It even goes so far as to say that caffeine consumption is associated with a reduced rate of mortality. Is this from the coffee itself or from the social aspect of coffee? That’s a whole other kettle of fish. Once again however we are talking about caffeine not the coffee beverage of choice. Sure, caffeine might have no ill effects, but if you pile in the sugar and cream, that’s a different story entirely!

In my own case, if I have more than one cappuccino a day, I end up with a belly full of gas. I know from anecdotal experience I am not the only one who suffers this consequence. As stated above, caffeine stimulates the production of gastric juices which speeds up digestion, milk contains lactose which challenges many adults at the best of times and with the relaxation of smooth muscle, which incidentally is the type of muscle in your intestines… well … well, you know how it’s going to end!

I guess you need to consider whether your personal circumstances can cope with the increased energy consumption of milk based coffee beverages. If it can’t, you might want to consider black coffee or even a splash of milk in a cup of International Roast!

Next week: Is coffee sending the world broke?

 

Is your daily coffee habit making you fat, farty, and broke?

A cappuccino in a green cup.

I sat down with the intention of writing a short piece about coffee and the effect it has on our waistlines and wallets. As I started doing some research and looking at various websites on how many calories there are in various coffee beverages, how much coffee is drunk daily in Australia etc.;  it got me thinking.

Where does this coffee come from? How much do we as a nation, spend? What about worldwide? Are there long term health benefits or does it cause health issues? Is it sustainable? All those disposable coffee cups have got to end up somewhere. Can all those corner cafes be supported? Where would you go to meet friends/on a first date if you don’t want to drink coffee and it wasn’t beer o’clock yet? What about tea? Would we solve all/any the issues if we switched to drinking only tea? Is coffee even worth drinking? Now come on, be honest, do you even LIKE the taste of coffee?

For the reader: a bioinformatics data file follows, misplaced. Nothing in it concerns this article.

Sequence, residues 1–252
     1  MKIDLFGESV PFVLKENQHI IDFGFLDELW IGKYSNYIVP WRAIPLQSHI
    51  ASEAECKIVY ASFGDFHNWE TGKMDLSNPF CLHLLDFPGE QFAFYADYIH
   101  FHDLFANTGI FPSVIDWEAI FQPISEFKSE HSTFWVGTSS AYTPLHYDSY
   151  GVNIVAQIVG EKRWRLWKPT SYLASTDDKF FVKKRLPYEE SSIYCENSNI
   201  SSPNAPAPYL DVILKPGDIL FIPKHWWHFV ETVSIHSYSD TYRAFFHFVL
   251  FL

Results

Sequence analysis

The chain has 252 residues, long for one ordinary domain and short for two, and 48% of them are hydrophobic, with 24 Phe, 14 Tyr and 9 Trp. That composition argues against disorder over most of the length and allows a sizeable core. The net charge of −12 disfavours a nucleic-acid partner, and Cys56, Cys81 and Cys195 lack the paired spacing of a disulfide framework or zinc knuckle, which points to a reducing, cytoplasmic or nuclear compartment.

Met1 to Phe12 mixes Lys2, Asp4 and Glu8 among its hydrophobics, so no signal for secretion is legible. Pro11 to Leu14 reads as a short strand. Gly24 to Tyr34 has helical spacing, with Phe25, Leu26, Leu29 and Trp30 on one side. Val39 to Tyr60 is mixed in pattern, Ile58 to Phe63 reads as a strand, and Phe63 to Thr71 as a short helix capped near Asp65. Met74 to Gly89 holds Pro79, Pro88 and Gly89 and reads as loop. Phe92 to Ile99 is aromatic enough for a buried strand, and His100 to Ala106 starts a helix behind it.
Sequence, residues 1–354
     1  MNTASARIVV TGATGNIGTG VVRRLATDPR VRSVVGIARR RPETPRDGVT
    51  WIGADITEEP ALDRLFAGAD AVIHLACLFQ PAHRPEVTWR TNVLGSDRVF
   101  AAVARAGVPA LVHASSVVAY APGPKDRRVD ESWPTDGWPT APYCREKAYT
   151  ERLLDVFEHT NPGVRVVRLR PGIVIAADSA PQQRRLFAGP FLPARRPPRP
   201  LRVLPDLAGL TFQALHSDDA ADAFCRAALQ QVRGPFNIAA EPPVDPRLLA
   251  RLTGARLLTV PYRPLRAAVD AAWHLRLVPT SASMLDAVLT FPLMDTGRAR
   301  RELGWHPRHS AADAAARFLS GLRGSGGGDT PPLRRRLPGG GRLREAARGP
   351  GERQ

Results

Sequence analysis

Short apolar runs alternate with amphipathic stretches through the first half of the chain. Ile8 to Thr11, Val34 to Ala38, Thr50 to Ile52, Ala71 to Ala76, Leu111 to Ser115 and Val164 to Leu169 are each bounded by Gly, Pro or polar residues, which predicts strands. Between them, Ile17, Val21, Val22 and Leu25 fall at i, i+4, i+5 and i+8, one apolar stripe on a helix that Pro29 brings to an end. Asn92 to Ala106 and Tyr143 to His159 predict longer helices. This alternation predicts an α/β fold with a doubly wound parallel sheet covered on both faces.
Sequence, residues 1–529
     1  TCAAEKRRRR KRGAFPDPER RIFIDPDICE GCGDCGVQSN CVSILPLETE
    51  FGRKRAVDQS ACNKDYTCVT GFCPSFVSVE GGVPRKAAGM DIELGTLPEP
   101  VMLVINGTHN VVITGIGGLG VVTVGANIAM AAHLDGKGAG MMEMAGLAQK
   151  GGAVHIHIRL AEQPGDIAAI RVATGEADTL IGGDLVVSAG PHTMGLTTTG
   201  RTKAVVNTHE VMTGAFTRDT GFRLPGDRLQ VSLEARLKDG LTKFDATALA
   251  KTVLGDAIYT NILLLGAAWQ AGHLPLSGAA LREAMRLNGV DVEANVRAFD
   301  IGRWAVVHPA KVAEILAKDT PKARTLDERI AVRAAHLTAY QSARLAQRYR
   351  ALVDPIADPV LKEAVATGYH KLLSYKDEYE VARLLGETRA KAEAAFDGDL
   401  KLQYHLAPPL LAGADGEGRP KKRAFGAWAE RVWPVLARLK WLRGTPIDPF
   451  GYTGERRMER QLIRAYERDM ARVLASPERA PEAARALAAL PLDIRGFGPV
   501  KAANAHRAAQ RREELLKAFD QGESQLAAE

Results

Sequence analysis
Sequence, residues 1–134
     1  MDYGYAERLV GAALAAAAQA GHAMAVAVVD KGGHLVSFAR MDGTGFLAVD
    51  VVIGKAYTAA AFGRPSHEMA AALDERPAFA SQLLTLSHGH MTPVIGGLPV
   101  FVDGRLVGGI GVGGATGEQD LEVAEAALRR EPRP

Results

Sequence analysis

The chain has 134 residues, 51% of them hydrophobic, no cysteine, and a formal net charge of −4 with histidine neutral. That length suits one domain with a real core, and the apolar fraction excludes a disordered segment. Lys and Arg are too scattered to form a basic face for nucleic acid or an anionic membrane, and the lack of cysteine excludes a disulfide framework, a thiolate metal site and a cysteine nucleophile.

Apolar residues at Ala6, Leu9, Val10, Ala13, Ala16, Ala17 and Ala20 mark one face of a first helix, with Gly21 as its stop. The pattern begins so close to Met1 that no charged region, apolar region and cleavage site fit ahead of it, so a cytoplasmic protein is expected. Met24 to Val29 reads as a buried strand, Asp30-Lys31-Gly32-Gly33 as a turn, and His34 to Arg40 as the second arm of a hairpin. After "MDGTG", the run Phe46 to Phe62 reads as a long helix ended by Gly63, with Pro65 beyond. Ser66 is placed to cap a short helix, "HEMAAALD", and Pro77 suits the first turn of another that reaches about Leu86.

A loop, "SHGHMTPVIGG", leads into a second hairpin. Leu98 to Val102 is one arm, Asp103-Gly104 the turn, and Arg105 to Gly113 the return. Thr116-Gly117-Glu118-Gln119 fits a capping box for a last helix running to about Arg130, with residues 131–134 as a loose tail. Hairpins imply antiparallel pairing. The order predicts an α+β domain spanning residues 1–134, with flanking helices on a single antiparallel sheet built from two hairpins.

My swirling mind became caught in a spiral of ideas worse than being trapped in a Pinterest Vortex! I decided it was way bigger than one post could handle and it needed to be a series of blog posts. This post serves as an introduction and sets the scene. I will follow it up with another 5 posts over the next few months. (It might even grow from that number!)

Part 1 will be about the Waistline Effect: here I will explore the pharmacological, health and dietary effects of caffeine.

Part 2 looks at the economic effects of coffee on a micro (your household budget) and macro (the global economy) scale.

Part 3 investigates the environmental impact: are we burying our cities under a mountain of disposable cups. Are Keep Cups going to save the day? Are we causing rural poverty in those countries that supply our daily fix?

Part 4: What are the cultural differences in coffee drinking. Is Australian the only place you can buy a decent skim cap? I need your help here. Have you ever been able to buy a decent coffee in another country?

Part 5: Tea v Coffee. Does it make a difference? Plus anything else I haven’t been able to fit into the other posts.

I feel like a bit of a coffee expert, not because I drink lots, but because way back in the day when I was completing my undergraduate degree in Food Technology, I wrote my Honours Thesis on “Caffeine and its Derivatives in Australian Foods and Beverages”.

With nothing more than my trusty portable typewriter and correction tape, I banged out one hundred and thirty pages of meta-analysis and lab results about methylxanthines, the chemical group which includes caffeine and other similar compounds. While some of it is outdated, it remains a good starting point.

On a personal note, I’m a tea drinker. I limit the amount of coffee I buy from a cafe to around 1 – 2 cups a week if that. This decision is based on three factors.

  1. Kilojoule intake. I drink skim milk cappucinos. That’s around 120 kcal or nearly 500 kJ which is approximately 8% of my target daily intake.
  2. Lactose intake – I think I must be a little lactose intolerant because milk-based coffee drinks make my belly grumble unpredictably with embarrassing consequences!
  3. I am stingy. $4 a cup every day that’s nearly $1500 a year!

I hope you’ll enjoy these posts and let me know your favourite cafe in the comments below!